Netizens have been in an uproar over an election rally last Friday, that saw supporters of the National Islamist Party (PAS) dress in armor and brandishing weapons while marching down the street for the HIMPIT (Terrenganu Youth Assembly) all the while calling it cosplay.
Members of PAS had repeatedly told the public that men carrying weapons down public roads in support of a political party wasn’t political intimidation, but rather a form of performance art or cosplay.
Youth Chief of PAS Kelantan Mohammad Kamal Mohamed, for example, whined that events like Comic Fiesta were allowed to go on with no outrage.
Instead, he told MalaysiaKini that it was only because it was a religious event, and not the fact that they were on public streets carrying weapons, that netizens were outraged.
What the Youth Chief seems to have missed, though, is that Cosplay events actually have incredibly strict rules to prevent this exact situation from happening.
One Twitter user, Joe Lee, explains in a thread just how much regulation goes into your typical cosplay prop.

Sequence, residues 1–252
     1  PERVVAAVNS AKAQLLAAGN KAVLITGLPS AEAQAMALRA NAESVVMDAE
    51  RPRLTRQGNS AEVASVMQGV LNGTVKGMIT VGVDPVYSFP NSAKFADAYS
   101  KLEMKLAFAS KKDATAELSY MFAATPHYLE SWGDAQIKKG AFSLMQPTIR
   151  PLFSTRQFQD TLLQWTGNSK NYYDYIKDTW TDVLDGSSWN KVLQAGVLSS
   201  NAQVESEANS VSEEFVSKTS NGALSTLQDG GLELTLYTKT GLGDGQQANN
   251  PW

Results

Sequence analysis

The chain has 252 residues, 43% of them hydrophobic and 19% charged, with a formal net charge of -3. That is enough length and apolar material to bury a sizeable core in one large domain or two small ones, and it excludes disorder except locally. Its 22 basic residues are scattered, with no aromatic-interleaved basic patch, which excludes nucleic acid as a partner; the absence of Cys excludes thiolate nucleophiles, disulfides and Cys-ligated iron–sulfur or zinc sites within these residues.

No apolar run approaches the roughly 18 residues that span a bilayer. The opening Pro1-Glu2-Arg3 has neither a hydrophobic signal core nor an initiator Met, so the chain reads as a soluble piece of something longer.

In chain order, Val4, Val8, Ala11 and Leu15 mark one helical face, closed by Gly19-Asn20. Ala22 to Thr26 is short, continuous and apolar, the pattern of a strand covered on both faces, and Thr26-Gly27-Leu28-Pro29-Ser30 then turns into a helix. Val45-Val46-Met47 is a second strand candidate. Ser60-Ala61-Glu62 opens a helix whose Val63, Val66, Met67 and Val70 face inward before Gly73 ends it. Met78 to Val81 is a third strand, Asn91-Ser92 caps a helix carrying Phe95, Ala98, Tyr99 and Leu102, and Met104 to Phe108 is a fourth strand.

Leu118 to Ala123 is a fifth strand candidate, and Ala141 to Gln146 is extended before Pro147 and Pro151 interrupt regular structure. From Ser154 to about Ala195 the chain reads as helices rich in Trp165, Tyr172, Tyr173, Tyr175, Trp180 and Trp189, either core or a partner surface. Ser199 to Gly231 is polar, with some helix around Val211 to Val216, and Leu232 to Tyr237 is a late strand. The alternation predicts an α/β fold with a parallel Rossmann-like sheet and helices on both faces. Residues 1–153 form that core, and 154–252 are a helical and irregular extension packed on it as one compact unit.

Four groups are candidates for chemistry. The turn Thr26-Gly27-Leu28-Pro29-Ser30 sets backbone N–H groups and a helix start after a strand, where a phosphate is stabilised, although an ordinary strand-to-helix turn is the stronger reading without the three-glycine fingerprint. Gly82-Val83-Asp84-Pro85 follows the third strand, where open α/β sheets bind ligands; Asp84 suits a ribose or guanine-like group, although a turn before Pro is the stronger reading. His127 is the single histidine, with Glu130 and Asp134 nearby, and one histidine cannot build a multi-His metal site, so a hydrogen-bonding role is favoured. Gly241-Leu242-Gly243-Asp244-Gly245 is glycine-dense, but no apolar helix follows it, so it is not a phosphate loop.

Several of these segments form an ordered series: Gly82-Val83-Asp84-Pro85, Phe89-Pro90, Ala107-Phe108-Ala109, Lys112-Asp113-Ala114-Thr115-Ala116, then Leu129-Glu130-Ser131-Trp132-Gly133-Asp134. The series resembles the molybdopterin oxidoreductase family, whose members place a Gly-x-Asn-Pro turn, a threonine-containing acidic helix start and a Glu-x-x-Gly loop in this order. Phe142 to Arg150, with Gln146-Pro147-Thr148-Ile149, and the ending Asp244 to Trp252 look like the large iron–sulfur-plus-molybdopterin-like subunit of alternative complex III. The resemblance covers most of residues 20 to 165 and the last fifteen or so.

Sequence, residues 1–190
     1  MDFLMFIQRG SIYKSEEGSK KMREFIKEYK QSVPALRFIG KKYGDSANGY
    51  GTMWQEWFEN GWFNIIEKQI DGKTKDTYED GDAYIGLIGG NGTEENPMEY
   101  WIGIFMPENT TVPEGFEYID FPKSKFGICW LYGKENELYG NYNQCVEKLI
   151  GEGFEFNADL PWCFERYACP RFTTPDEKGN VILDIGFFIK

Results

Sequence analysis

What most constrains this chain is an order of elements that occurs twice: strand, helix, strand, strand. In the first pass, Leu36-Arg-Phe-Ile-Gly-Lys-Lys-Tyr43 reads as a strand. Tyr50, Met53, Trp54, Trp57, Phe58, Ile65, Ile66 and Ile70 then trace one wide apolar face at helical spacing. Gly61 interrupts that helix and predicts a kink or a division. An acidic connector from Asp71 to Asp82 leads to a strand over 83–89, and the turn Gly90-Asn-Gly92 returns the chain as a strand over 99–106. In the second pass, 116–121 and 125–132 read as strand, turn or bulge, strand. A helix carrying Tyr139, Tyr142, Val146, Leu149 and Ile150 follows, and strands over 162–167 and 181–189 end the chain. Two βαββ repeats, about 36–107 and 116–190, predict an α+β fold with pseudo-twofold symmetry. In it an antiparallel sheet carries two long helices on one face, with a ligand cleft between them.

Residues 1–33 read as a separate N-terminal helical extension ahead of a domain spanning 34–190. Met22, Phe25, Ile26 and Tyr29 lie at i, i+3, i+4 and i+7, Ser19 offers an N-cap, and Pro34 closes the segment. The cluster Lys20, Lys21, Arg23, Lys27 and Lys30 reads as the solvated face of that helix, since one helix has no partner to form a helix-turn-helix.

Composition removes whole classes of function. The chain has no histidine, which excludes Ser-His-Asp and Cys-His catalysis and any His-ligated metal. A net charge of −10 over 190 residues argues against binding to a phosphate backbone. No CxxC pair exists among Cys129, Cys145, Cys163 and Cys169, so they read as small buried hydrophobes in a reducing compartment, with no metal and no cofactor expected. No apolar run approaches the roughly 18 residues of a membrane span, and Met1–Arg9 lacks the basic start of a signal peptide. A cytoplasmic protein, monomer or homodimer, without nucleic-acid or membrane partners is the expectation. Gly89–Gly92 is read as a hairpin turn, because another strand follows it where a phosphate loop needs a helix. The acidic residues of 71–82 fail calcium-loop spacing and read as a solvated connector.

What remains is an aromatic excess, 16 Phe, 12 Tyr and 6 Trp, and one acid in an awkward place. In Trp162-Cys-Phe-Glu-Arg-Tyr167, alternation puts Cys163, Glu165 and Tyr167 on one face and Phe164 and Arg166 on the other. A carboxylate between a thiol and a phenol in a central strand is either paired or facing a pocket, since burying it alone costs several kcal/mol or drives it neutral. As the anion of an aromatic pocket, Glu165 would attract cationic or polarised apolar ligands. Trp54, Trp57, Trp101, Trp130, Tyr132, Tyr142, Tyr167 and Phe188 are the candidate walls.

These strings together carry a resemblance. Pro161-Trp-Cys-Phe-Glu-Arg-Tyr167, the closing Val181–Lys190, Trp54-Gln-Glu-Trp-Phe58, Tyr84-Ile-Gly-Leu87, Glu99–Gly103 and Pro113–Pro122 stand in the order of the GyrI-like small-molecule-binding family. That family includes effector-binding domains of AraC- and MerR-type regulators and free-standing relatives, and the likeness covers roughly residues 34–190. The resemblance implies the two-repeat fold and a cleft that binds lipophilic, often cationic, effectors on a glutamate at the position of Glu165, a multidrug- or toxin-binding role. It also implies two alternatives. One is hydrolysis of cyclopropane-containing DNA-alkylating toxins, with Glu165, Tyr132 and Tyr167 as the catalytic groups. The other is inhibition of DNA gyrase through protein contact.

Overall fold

“Tau tak, cosplayers ada rules on prop weapons whether involving materials used (some limit to only EVA and resin) or to point heavier ‘metal- bladed weapons must remain sheathed etc (in some cases zip tie to disarm it), firearms must be clearly marked with orange tip’ “, he says.
He even shoots down the equivalency between the two:
“Point is don’t keep using it’s “no different from cosplay events”. It is an insult to those of us in the Malaysia cosplaying community. We take security and safety VERY seriously. And again – we don’t stoke hatred and anything political, religious or racial is avoided”, he adds.
Considering the event constantly parroting racial rhetoric, the idea of mobilizing your youth to brandish weapons and march ahead of a state election is inherently dangerous- and trying to liken it to a community that actually self-regulates to minimize public disturbance is dishonest and reductive.